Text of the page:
NAPSNet Daily Report 02 December, 1998

Recommended Citation

"NAPSNet Daily Report 02 December, 1998", NAPSNet Daily Report, December 02, 1998, https://nautilus.org/napsnet/napsnet-daily-report/napsnet-daily-report-02-december-1998/

IN TODAY’S REPORT:

I. United States

II. Republic of Korea

III. Announcements

I. United States

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1. DPRK Underground Construction

Reuters (Teruaki Ueno, “N.KOREA SLAMS U.S. OVER SUSPECTED NUCLEAR SITE,” Tokyo, 12/02/98) and the Associated Press (“N. KOREAN MILITARY THREATENS U.S.,” Seoul, 12/02/98) reported that a spokesman for the General Staff of the DPRK People’s Army (KPA) on Wednesday accused the US of taking a hard-line stance toward the DPRK’s suspected nuclear site as an excuse to start a war. The spokesman stated, “Now that the U.S. imperialists, having thrown off the mask of ‘dialogue’ and ‘negotiation’, are bringing the situation to the brink of war, we solemnly declare … that our revolutionary armed forces will never pardon the challenge of the U.S. imperialist aggression forces but answer it with an annihilating blow.” He added, “We have our own operation plan. It must be clearly known that there is no limit to the strike of our People’s Army and that on this planet there is no room for escaping the strike.” He also warned, “It must also be realized that the target of our strike in the war is not only the U.S. imperialist aggression forces … but also the South Korean puppets who are willing to serve as their bullet-shield and Japan and all others that offer bases or act as servants behind the scenes.” The spokesman argued, “We neither want nor avoid a war. If a war is imposed, we will never miss the opportunity. To answer fire with fire is a character of our revolutionary army and its unique mode of counteraction.” ROK officials said that while the rhetoric used was nothing new, it was unusual for the DPRK military to make a public statement.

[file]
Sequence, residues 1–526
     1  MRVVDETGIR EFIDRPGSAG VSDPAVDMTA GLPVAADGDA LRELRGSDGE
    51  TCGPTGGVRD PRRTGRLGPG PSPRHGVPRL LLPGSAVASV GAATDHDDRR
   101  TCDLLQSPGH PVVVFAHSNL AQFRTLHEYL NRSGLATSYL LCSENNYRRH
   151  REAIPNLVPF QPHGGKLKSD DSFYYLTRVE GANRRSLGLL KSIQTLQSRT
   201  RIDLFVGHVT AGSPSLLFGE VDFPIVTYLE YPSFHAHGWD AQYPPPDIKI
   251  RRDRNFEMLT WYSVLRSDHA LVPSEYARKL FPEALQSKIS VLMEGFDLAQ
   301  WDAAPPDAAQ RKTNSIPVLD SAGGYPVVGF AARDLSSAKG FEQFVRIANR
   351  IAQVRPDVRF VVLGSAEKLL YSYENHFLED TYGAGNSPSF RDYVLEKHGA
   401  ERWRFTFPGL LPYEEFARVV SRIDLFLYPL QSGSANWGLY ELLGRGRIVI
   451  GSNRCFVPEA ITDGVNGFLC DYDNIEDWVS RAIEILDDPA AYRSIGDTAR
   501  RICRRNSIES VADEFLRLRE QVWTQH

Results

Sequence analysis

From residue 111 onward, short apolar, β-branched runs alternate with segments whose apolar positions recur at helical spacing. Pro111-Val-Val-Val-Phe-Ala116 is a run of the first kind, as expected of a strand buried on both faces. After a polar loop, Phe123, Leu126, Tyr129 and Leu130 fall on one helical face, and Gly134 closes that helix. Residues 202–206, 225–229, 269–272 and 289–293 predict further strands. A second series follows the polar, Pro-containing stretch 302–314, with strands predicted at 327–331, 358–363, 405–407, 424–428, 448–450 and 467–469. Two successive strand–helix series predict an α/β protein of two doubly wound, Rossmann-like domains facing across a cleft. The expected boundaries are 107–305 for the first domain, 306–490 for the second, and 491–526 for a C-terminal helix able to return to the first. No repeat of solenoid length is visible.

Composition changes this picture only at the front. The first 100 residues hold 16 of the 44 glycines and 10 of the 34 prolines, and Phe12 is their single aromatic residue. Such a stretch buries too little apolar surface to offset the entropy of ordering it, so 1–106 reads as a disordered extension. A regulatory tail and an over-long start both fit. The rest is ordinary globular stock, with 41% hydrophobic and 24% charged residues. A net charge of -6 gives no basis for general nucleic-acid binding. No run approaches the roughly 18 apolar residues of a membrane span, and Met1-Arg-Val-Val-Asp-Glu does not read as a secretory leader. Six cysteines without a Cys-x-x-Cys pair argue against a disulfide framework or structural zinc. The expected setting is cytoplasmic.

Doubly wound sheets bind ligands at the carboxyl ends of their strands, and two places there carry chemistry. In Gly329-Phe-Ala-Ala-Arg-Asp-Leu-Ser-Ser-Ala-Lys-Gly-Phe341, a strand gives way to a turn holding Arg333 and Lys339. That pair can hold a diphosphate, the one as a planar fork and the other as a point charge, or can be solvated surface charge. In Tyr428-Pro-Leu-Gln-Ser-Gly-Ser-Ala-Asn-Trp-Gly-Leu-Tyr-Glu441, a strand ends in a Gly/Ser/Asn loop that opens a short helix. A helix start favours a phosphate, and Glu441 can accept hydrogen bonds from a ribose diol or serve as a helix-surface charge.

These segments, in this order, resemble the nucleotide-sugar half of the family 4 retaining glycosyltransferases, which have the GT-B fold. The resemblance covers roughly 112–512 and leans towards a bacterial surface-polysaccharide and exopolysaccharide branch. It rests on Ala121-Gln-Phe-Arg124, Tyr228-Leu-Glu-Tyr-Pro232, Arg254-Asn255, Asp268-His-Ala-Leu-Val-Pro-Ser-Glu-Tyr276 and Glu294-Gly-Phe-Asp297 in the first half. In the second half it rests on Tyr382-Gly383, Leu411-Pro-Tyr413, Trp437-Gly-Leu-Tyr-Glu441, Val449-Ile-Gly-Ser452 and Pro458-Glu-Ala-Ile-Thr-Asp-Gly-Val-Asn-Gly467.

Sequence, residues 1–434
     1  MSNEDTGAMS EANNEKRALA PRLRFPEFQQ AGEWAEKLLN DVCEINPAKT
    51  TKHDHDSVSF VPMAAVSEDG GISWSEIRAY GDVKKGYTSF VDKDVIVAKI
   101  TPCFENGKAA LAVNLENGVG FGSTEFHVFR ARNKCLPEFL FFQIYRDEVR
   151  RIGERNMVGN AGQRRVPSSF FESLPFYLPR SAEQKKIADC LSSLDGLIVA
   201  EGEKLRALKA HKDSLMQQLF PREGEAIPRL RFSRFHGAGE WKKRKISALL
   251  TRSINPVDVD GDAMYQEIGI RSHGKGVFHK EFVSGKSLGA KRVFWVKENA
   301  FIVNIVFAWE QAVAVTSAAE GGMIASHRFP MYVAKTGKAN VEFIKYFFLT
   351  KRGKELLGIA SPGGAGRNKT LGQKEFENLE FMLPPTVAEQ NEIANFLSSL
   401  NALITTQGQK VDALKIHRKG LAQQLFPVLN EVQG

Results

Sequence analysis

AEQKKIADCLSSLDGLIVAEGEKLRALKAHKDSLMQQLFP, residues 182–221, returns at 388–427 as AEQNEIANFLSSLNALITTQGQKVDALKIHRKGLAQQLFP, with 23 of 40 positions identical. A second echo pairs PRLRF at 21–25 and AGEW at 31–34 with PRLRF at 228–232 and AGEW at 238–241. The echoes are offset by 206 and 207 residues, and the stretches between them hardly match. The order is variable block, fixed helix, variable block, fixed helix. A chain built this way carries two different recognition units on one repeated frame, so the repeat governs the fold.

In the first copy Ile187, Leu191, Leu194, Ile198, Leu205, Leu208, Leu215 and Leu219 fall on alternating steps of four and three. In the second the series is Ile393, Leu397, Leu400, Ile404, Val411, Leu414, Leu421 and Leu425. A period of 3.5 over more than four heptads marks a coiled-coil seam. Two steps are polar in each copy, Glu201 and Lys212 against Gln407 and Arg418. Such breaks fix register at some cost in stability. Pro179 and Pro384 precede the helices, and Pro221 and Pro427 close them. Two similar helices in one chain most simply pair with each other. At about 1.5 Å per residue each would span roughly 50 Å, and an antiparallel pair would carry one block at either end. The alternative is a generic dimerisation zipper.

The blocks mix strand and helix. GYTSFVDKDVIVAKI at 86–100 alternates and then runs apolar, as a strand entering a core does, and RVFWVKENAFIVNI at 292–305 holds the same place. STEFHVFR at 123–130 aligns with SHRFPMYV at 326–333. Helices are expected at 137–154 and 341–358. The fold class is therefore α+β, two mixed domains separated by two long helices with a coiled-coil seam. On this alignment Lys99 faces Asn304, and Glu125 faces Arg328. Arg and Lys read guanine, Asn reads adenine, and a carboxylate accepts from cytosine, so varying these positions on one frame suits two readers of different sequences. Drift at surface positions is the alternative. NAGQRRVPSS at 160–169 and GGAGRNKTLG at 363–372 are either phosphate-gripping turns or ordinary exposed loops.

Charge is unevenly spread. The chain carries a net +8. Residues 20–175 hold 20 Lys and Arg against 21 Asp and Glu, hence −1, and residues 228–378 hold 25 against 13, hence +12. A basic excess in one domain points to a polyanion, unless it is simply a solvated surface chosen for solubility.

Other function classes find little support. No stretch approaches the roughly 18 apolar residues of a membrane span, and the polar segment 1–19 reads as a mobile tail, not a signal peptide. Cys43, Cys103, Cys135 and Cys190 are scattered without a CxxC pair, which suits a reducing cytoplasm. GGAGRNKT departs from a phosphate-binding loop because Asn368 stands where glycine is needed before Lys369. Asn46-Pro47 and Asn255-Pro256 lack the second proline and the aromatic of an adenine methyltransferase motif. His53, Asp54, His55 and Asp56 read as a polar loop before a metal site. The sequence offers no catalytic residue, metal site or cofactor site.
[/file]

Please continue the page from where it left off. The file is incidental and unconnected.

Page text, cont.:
Reuters (“IAEA TO APPROACH NORTH KOREA ON LATEST NUCLEAR PROBLEM,” Seoul, 12/02/98) reported that the ROK Foreign Ministry quoted Mohamad el-Baradei, the head of the International Atomic Energy Agency (IAEA), as saying Wednesday that the agency would take action at the appropriate time over the DPRK’s suspected nuclear program. El-Baradei stated, “The IAEA would have to make a verification of its undeclared nuclear facilities at some future date.” He added that the underground facilities in the DPRK “are not an immediate threat, but transparency must be secured.” He also urged the DPRK to reinstate its membership in the Nuclear Non-Proliferation Treaty, which it suspended in 1993.

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2. DPRK Missile Launch

The Associated Press (“REPORT: N.KOREA PREPARING TO LAUNCH,” Tokyo, 12/01/98) and Reuters (Teruaki Ueno, “JAPAN SAYS N.KOREA MAY LAUNCH ANOTHER MISSILE,” Tokyo, 12/02/98) reported that the Japanese newspaper Yomiuri said Wednesday that US spy satellites have detected preparations in the DPRK for launching another missile. The report cited Japanese government sources that received information from the US that the DPRK has been moving parts of a Taepodong missile from storage to the launch pad since about November 20. It added that Japan has requested the US to ask the DPRK to call off the launch at bilateral meetings scheduled to start on Friday, and the US has agreed to raise the subject. Japanese government spokesman Hiromu Nonaka acknowledged Wednesday that Japan was aware of “some kind of movement” in the DPRK, but he would not elaborate. Japan’s Kyodo News agency quoted Prime Minister Keizo Obuchi as saying that Japan had received information about a possible DPRK launch, but added, “I have not heard that it has been confirmed.” Obuchi’s deputy spokesman, Akitaka Saiki, stated, “We do have some intelligence reports about such movements on that part of the Korean peninsula.” He added, however, “We do not have detailed, elaborated information as to the timing of a possible launching…. We are still at the information gathering stage.”